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The first ever live DVD from power pop veterans Fountains of Wayne is without a doubt a crowd pleaser.

Music DVD Review: Fountains Of Wayne – No Better Place: Live In Chicago

New York’s veteran aces of power pop Fountains of Wayne have been putting out records for thirteen years, but this spring saw the release of its first ever live DVD, entitled No Better Place: Live In Chicago (Shout! Factory). In fact, it was released within days of its short east coast winter tour that started in January and finished up in Massachusetts on March 1.

The main portion of the DVD was recorded in Chicago in October of 2005; the bonus 5-song acoustic set was filmed in December of 2008 in New York.

Cutting right to the chase, this DVD is grade A material, as it contains performances of nearly all your favorite FOW songs, plus a few newer tracks that sound pleasantly folky and Americana-esque in acoustic form. The slide guitar-propelled “Fire In The Canyon” in particular comes to mind.

Culling much of the 16-song main set from the band’s arguably best two records – the self-titled 1996 debut and 2003’s Welcome Interstate Managers – was a smart decision, as essentials like “Stacy’s Mom,” “Hey Julie,” “Radiation Vibe,” “Valley Winter Song” and “Sink To The Bottom” were included and sound vibrant here. Other notables include the Elvis Costello-ish-punk-meets-doo-wop hit “Denise” and the light and breezy “Hackensack,” which was as gentle as the warm summer wind. Less popular but no less lacking in hooks, the rollicking “Maureen” and “Janice’s Party” are from Out-Of-State Plates, a 2-CD leftovers compilation from 2005.

On the bonus acoustic session from last year, singer/rhythm guitarist Chris Collingwood definitely looks a bit older with his fully grown beard and mustache, but he and his band still perform as if it were 1999 all over again. The oldie “Joe Rey,” even on acoustic and piano (courtesy of bassist Adam Schlesinger) sounds energetic and punk-ish, while the Beatles-esque “I-95,” “Someone To Love” and the ex-lovers-based and Gram Parsons-ish “Fire In The Canyon” are from the group’s fourth studio album Traffic And Weather, released in 2007. Though clearly not the group’s best and most memorable album, these selections sound grand and tight.

Other than saying it was an “honor” to play in Chicago, FOY didn’t talk much between numbers or banter with the audience all that much, though there are a couple of between-performance moments worth noting. After Collingwood teased the crowd with an impromptu riff of the Kansas ballad “Dust In The Wind,” Schlesinger joked: “Kansas just got like $300 because he did that.” After some laughter, the singer said: “They deserve it.” Speaking of classic rock, it wasn’t lost on this reviewer that FOY brilliantly snuck in a riff or two of Eric Clapton’s “Layla” during an early performance of “I’ve Got A Flair.”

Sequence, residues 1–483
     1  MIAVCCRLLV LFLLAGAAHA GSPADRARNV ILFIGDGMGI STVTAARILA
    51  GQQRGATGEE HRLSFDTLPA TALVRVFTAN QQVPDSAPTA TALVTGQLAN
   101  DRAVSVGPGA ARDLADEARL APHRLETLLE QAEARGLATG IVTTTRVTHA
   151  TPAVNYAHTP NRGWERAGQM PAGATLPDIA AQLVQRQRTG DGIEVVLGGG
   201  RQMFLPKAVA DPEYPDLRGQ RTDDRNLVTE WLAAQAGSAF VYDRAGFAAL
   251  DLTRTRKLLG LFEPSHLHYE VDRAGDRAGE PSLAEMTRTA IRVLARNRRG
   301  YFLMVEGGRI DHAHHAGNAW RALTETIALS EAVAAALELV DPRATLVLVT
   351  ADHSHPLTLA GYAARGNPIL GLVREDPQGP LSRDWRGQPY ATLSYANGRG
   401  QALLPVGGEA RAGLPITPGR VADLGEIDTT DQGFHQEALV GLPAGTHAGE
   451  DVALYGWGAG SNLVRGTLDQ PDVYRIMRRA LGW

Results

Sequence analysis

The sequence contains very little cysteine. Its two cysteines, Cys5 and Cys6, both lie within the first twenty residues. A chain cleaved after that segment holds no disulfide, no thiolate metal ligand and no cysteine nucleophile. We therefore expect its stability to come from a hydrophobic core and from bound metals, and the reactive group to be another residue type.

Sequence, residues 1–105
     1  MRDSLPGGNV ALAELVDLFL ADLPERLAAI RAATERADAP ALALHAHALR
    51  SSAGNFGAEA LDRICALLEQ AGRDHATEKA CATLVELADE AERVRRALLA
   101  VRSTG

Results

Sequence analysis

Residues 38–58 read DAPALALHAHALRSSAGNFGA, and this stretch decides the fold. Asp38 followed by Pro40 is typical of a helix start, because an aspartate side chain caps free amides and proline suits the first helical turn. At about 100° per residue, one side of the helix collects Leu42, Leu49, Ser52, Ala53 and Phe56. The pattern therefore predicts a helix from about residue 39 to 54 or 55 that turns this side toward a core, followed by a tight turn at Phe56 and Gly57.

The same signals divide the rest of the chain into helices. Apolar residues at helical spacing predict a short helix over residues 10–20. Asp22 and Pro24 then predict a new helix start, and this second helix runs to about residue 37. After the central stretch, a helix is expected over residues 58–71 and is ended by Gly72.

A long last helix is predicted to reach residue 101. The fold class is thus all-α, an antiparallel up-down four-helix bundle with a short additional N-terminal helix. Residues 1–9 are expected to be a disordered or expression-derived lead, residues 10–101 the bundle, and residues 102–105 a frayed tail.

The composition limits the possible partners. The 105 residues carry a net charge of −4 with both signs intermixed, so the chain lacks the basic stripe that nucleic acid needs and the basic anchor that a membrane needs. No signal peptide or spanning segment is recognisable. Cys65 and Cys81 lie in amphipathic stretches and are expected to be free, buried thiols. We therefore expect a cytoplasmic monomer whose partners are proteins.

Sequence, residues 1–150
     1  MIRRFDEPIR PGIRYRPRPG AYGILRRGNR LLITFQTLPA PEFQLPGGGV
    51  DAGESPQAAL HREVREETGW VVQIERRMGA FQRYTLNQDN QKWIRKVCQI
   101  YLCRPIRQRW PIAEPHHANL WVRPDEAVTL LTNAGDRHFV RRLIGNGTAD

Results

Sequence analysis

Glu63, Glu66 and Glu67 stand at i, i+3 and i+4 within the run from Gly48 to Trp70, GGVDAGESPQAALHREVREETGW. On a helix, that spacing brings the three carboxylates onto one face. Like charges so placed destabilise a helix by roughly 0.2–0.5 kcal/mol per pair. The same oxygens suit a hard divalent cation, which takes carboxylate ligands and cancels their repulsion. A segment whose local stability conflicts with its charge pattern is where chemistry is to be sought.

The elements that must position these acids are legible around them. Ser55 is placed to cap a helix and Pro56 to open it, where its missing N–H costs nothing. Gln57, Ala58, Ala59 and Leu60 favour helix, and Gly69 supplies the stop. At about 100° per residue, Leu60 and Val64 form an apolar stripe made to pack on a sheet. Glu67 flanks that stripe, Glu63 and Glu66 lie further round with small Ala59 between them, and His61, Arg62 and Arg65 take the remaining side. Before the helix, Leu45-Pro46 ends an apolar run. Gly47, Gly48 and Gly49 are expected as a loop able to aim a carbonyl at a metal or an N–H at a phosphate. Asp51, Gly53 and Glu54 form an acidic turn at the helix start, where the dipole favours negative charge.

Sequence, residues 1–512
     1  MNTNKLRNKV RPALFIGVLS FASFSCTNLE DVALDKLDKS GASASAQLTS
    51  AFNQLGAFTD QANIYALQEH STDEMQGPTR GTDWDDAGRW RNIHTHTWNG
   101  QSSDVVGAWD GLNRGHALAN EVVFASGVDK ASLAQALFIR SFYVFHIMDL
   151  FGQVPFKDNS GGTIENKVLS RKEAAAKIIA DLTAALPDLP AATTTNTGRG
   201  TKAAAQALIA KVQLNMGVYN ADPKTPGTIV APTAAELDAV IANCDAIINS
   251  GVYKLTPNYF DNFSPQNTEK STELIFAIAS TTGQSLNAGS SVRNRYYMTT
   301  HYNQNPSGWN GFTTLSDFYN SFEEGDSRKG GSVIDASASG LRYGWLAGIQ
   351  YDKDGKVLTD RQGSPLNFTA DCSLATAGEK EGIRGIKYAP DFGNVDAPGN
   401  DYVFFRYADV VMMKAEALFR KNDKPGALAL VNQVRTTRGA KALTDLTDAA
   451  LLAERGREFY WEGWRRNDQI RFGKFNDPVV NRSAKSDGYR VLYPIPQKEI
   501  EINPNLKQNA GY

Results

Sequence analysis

Another odd moment happened early after the drinking-party-themed b-side “Janice’s Party” when Collingwood stated: “Contrary to popular belief, not all of our songs are about drinking.” His songs are more about life’s everyday issues and themes including work, travel, girls and such, and so knowing full well that not many fans think what Collingwood stated was true, an audience member appropriately shouted “Huh?” before FOY continued on.

There are hardly any outstanding issues or flaws to be had with this release, but the run time of +/- 75 minutes seems a little short for a band approaching its fifteenth year in existence. Then again, much of its material is in the typical three-minute pop song range and hardly ever stretches beyond the four-minute mark. Sure, oldies like “Leave The Biker” were left off the set list, but at 21 songs total between full rock band mode and an acoustic set, there are plenty of performances here to satisfy curious and casual Fountains of Wayne fans alike.

Taking a closer look at the performing side, though Jody Porter’s guitar showmanship is impressive given the constraints of a pop band, there is a bit of a lack of excitement and energy coming from most other members. The band, and especially Collingwood, keeps its collective “game face” on the whole show with seeming ease, choosing to reveal personality traits between songs instead of in-song. But make no mistake about it: Fountains of Wayne is a seriously fun power pop band. They just apparently feel like letting the audience show them how much fun they’re having while the band simply concentrates and rocks out the jams.

Overall, Fountains of Wayne’s No Better Place DVD is a fun and timely release from a band who writes nothing but timeless pop rock numbers. Musically, a song like “Radiation Vibe” is still as edgy and rockin’ now – in a Radiohead “Bones” kind of way – as it was in 1996. Indeed, many of their older songs would no doubt still sound like hits today, in a rock world that still values power pop acts (Weezer comes to mind, for one).

The 5-song bonus acoustic set is also a treat and acts as a well-timed preview for fans heading out to see FOW on its acoustic tour this summer (if you missed them earlier this year). So pick up No Better Place if you’ve ever been a big Fountains of Wayne fan or into good time, summery pop rock in general.

Here’s a clip of the Chicago performance of "Stacy’s Mom" for your enjoyment.

Be sure to check out fountainsofwayne.com for a full list of tour dates as they become available.

About Charlie Doherty

Senior Music Editor and Culture & Society (Sports) Editor at Blogcritics Magazine; Prior writing/freelancing ventures: copy editor/content writer for Penn Multimedia; Boston Examiner, EMSI, Demand Media, Brookline TAB, Suite 101 and Helium.com; Media Nation independent newspaper staff writer, printed/published by the Boston Globe at 2004 DNC (Boston, MA); Featured in Guitar World May 2014. Keep up with me on twitter.com/chucko33

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